Wearing seat belts
In Merseyside, we believe in a ‘safe system’ approach to road safety – this includes the use of seat belts. From time to time, everyone makes mistakes, including drivers and pedestrians. When the inevitable happens, the road environment and vehicles involved are designed to prevent or reduce the level of injuries to a minimum. Modern cars are some of the safest, most efficient vehicles ever produced. They are fitted with a range of safety features designed to keep the occupants and the public safe. Many, such as lane departure and anti-lock braking systems are designed to prevent a crash whilst others prevent serious injury if a crash occurs. Air bags, or Secondary Restraint Systems have saved countless lives and prevented life-changing injuries.
However, the most effective method of preventing injury when a mistake is made and a crash occurs is through the wearing of a seat belt. Without a seat belt, an airbag (front or side) may actually cause more injuries than prevent them. Passengers who fail to wear a seat belt not only place themselves in danger but also the other occupants in the vehicle. Parents must ensure that children are secured using the correct child seat.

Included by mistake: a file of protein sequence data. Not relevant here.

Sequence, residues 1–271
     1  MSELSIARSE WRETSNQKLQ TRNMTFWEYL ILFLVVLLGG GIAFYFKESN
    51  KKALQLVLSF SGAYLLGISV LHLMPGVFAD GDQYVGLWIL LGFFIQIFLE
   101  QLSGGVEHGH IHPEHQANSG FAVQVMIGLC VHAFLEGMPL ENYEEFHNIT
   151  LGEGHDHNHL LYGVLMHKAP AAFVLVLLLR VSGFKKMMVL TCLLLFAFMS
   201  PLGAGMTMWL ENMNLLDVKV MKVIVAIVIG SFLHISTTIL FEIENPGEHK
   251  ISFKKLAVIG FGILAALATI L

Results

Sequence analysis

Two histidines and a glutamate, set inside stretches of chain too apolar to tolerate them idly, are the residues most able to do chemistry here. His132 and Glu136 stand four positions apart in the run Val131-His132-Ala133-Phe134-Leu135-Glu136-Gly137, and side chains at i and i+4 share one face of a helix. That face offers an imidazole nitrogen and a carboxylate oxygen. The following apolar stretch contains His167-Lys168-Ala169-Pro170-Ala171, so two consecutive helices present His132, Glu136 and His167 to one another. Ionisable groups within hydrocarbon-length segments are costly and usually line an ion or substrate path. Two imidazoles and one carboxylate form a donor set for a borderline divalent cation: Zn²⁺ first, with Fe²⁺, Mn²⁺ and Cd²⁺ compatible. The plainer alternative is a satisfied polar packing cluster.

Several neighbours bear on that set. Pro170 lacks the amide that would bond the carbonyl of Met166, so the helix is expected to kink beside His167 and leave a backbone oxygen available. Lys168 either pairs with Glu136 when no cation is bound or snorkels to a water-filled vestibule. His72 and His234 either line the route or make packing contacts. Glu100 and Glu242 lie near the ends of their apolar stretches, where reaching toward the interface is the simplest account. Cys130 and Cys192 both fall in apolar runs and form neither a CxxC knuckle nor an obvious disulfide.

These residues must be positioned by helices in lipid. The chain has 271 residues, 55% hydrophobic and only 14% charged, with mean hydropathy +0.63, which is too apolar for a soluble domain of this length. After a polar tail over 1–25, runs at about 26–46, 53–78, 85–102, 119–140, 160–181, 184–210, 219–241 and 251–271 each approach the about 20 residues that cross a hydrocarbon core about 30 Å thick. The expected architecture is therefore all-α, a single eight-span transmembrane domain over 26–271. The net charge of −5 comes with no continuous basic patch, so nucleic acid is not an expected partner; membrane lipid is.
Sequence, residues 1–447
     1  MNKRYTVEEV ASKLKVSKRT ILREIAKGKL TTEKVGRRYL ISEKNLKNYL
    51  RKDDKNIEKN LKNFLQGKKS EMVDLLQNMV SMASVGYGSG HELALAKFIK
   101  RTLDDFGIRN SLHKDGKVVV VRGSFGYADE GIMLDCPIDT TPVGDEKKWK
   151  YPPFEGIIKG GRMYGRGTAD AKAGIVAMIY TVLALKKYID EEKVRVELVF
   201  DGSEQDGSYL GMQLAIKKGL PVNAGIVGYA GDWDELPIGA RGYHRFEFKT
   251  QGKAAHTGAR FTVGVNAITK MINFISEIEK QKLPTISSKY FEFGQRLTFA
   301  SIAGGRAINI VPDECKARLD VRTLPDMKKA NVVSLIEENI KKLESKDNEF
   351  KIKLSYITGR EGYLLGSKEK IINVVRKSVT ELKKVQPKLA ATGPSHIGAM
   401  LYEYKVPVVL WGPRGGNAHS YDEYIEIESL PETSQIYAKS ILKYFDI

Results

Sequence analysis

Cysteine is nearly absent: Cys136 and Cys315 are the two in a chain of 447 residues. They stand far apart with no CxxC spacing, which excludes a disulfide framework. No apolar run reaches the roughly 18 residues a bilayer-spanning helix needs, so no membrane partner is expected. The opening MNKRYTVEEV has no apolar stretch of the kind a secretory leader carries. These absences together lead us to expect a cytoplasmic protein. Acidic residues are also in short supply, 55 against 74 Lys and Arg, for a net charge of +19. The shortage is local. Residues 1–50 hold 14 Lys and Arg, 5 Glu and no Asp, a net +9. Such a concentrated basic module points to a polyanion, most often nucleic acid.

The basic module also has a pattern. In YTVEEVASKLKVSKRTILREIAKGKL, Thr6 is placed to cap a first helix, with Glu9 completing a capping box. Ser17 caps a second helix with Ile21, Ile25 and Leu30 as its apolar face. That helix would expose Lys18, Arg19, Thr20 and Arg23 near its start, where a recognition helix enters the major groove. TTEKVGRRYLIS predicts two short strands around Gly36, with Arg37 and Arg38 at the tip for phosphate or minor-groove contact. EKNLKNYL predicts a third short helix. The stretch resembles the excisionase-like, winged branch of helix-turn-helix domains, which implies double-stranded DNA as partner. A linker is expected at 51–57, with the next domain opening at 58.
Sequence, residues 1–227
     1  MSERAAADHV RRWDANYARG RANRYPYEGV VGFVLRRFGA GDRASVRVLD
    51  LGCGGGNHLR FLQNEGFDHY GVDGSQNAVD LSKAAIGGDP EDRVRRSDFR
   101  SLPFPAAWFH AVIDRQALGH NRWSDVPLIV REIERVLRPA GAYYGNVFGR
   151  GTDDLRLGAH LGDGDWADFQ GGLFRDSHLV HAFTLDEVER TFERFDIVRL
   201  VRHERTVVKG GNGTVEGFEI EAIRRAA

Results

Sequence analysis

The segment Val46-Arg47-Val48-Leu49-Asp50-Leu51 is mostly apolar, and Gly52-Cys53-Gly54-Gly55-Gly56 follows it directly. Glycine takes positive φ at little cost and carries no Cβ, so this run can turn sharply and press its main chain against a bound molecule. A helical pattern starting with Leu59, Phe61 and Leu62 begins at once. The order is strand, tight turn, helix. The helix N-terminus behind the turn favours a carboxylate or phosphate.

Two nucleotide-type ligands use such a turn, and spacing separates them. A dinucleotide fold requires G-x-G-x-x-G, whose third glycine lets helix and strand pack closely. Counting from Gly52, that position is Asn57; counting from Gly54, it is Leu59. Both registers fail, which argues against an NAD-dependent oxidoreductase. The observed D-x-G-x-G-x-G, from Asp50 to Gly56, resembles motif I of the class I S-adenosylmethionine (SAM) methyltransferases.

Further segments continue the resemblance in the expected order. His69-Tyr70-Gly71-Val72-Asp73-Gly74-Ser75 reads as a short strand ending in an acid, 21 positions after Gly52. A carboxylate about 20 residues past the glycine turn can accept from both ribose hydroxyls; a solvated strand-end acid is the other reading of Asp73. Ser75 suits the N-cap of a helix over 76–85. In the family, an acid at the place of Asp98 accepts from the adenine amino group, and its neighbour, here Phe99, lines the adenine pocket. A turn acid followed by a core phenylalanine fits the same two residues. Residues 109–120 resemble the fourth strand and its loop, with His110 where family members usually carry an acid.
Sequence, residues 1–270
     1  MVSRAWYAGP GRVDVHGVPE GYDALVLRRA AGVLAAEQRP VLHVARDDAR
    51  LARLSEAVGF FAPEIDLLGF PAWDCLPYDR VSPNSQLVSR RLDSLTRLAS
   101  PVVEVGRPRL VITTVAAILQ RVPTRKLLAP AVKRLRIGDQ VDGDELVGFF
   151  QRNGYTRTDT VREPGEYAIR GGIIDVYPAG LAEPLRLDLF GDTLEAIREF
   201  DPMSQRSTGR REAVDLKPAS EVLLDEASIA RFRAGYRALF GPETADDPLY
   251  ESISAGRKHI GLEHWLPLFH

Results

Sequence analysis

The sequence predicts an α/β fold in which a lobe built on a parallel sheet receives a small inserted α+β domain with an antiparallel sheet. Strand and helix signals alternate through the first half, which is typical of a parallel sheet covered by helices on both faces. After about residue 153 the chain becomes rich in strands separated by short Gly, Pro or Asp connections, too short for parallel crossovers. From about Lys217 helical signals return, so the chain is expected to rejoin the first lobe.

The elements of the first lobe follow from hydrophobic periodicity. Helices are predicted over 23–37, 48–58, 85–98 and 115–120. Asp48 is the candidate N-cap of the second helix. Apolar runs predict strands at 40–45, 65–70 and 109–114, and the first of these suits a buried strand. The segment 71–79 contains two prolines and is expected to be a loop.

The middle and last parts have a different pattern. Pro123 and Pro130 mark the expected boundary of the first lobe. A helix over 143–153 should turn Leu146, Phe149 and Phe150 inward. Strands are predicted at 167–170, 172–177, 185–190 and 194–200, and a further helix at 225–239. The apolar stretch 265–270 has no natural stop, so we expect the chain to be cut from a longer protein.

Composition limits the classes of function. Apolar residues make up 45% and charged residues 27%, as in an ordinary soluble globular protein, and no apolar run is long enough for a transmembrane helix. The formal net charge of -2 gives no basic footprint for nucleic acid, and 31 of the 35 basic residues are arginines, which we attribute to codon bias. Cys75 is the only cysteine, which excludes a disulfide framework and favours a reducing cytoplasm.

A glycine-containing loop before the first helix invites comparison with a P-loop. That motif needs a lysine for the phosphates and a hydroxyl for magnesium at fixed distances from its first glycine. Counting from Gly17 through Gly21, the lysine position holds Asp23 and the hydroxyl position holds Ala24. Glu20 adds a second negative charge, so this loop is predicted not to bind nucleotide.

Failure to wear a seat belt or use a correct restraint carries a penalty of £100 to the driver or passenger (aged over 14 years). However the cost in human life is immeasurable.
Visit our page on child car seats and restraints for information on passengers under 14.
Are they any exceptions?
You don’t need to wear a seat belt if you’re:
- a driver who is reversing, or supervising a learner driver who is reversing
- in a vehicle being used for police, fire and rescue services
- a passenger in a trade vehicle and you’re investigating a fault
- driving a goods vehicle on deliveries that is travelling no more than 50 metres between stops
- a licensed taxi driver who is ‘plying for hire’ or carrying passengers
There are a few specific medical exceptions too, but you’ll need a certificate of ‘Exemption from Compulsory Seat Belt Wearing’ from your doctor. You’ll have to keep it in the car, and show it to the police if you’re stopped.
Wearing a seatbelt while pregnant
You must wear a seat belt if you’re pregnant, unless your doctor says you don’t have to for medical reasons (you’ll get an exemption certificate). The bottom strap of your seatbelt needs to be worn below the bump, rather than across it.
Wearing a seat belt if you’re disabled
You must wear a seat belt if you’re a disabled driver or passenger, unless you don’t have to for medical reasons (again, you’ll get a certificate which you need to carry with you in the car).